Friday, March 17, 2006

So Where'd The Money Go?

From the Associated Press:

NEW YORK (AP) -- The city has not brought the average size of its early grade classes below 20 students despite $491 million in state funds it has accepted for that purpose since 1999, a new report says.

The audit by State Comptroller Alan Hevesi, released Thursday, found that 59 percent of kindergarten through third-grade classes had more than 20 students. The city did reduce the average class size from 24.9 students in 1998-99 to 21.3 students in 2004-05, according to the audit.

The city has received $491 million under a 1997 state program that requires school systems to add the additional money to existing funding for those grades.

The Department of Education provided 1,566 too few classes for those grades than it should have under the law, Hevesi's report found.

"At a time when lower enrollment in the lower grades should have made it easier to cut class size, it's very disappointing that the city did not achieve the goal of an average 20 students in class," the comptroller said in a statement.

The audit covered the period between July 1, 2002, and June 30, 2005.

So what'd Mayor Bloomberg and Chancellor Klein do with the money given them for smaller class sizes for the early grades?

I'd bet the money went to bullshit professional development programs developed by Bloomberg and/or Klein cronies, room rugs, rulers to measure bulletin board margins, and photo copies of the core curriculum for all schools,

Important stuff like that.

But hey, at least we get to enjoy Snapple in all Department of Education facilities. It's made from the best stuff on earth - namely a Bloomberg money deal!!!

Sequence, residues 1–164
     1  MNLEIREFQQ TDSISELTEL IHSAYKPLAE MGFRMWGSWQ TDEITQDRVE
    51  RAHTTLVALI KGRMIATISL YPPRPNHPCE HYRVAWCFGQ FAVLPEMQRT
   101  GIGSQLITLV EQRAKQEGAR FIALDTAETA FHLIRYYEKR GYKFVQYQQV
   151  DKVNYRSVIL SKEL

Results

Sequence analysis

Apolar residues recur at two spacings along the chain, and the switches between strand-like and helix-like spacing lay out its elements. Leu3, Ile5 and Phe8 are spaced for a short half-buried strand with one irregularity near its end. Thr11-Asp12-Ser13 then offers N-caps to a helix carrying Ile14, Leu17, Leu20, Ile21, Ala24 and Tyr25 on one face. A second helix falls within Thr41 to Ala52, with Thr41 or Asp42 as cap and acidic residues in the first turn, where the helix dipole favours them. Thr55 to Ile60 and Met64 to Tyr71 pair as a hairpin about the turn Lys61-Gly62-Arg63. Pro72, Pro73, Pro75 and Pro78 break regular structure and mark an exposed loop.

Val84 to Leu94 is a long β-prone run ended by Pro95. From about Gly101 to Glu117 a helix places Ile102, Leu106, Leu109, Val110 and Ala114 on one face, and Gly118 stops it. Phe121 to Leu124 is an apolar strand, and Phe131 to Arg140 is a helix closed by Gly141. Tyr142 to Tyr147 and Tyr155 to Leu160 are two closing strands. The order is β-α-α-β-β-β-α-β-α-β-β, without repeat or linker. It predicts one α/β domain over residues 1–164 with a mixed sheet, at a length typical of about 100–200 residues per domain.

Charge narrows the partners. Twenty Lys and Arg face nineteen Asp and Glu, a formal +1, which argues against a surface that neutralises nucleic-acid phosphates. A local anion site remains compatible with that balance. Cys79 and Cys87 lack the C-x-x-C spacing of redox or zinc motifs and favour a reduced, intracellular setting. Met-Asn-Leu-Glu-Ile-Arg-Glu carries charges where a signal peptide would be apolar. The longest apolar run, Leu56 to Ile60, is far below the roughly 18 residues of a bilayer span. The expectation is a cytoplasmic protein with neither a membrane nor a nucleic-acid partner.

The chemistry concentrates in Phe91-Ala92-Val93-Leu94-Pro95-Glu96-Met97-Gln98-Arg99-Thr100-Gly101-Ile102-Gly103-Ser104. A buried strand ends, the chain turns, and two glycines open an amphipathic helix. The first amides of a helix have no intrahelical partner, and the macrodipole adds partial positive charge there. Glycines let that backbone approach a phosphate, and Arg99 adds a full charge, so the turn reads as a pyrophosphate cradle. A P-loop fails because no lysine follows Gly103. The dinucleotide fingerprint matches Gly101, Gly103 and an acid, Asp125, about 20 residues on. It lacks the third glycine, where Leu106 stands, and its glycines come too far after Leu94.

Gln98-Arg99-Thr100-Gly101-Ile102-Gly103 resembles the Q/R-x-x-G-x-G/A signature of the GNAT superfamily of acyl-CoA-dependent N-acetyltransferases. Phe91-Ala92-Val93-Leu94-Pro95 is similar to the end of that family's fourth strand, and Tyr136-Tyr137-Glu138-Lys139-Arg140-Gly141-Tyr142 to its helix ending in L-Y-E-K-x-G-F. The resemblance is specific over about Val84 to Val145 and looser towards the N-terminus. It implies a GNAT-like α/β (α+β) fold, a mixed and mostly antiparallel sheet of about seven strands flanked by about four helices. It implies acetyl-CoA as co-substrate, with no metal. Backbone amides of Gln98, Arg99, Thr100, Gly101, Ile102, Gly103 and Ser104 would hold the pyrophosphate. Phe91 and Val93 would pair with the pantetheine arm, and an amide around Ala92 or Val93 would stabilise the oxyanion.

Nice to see you on education every now and then.

Small classes have been fought tooth and nail every step of the way by this mayor. Klein's 8 page dream contract had no class size restrictions whatosever, and Mayor Mike has personally vetoed a small-class ballot referendum at least twice.
I agree that the money for smaller classes went to either staff development stuff or more administrators. This is a real waste of money. Why won't Bloomberg respond to where the money went?
Bloomberg respond to where the money went? Whattya think this is, stubborn liberal, a democracy?

Thanks for the comment, nyc educator. I have to admit I'm having a hard time doing any education blogging. The contract battle left me feeling disgruntled and angry. My relish for education stories has dissipated. Even at work I've stopped talking about union/contract issues because I tend to sound more and more like a crazy person when I say the words "Unity" or "Weingarten." I've decided for my own well-being that I need to keep some distance from union/education issues for the time being, if only because thinking and/or writing about them makes me want to tear apart both Mayor Moneybags and Le Gran Fromage.

Now I know you do a lot on the class size issue, nyc educator, so what I know about the politics behind class size mostly comes from your site or the links you put up. But when I saw this AP story on class size go up on the web, I just rolled my eyes and had to have a go at it.

At what point will ordinary New Yorkers come to realize the Great Education Savior" mantle Bloomberg has placed upon himself is just total myth? I sense that most NYC public school parents already know this, and obviously we UFT members know it. But the rest of New York still seemed to be fooled by Bloomberg's "reforms" and rising (i.e., manipulated) test scores.
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